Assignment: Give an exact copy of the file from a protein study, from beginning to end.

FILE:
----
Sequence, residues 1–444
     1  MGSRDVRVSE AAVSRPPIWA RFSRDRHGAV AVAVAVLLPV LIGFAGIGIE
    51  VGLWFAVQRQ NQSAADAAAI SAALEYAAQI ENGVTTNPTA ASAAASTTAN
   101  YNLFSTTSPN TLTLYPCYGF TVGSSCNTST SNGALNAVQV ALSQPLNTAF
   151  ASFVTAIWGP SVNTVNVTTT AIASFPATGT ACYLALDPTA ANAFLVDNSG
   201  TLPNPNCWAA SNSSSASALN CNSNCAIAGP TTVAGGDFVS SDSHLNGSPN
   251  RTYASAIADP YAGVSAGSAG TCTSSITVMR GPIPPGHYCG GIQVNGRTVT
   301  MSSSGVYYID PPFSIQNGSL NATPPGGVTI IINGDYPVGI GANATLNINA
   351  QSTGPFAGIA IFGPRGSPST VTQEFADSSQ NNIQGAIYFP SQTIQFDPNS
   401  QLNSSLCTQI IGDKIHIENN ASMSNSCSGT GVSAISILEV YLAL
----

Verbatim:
Sequence, residues 1–444
     1  MGSRDVRVSE AAVSRPPIWA RFSRDRHGAV AVAVAVLLPV LIGFAGIGIE
    51  VGLWFAVQRQ NQSAADAAAI SAALEYAAQI ENGVTTNPTA ASAAASTTAN
   101  YNLFSTTSPN TLTLYPCYGF TVGSSCNTST SNGALNAVQV ALSQPLNTAF
   151  ASFVTAIWGP SVNTVNVTTT AIASFPATGT ACYLALDPTA ANAFLVDNSG
   201  TLPNPNCWAA SNSSSASALN CNSNCAIAGP TTVAGGDFVS SDSHLNGSPN
   251  RTYASAIADP YAGVSAGSAG TCTSSITVMR GPIPPGHYCG GIQVNGRTVT
   301  MSSSGVYYID PPFSIQNGSL NATPPGGVTI IINGDYPVGI GANATLNINA
   351  QSTGPFAGIA IFGPRGSPST VTQEFADSSQ NNIQGAIYFP SQTIQFDPNS
   401  QLNSSLCTQI IGDKIHIENN ASMSNSCSGT GVSAISILEV YLAL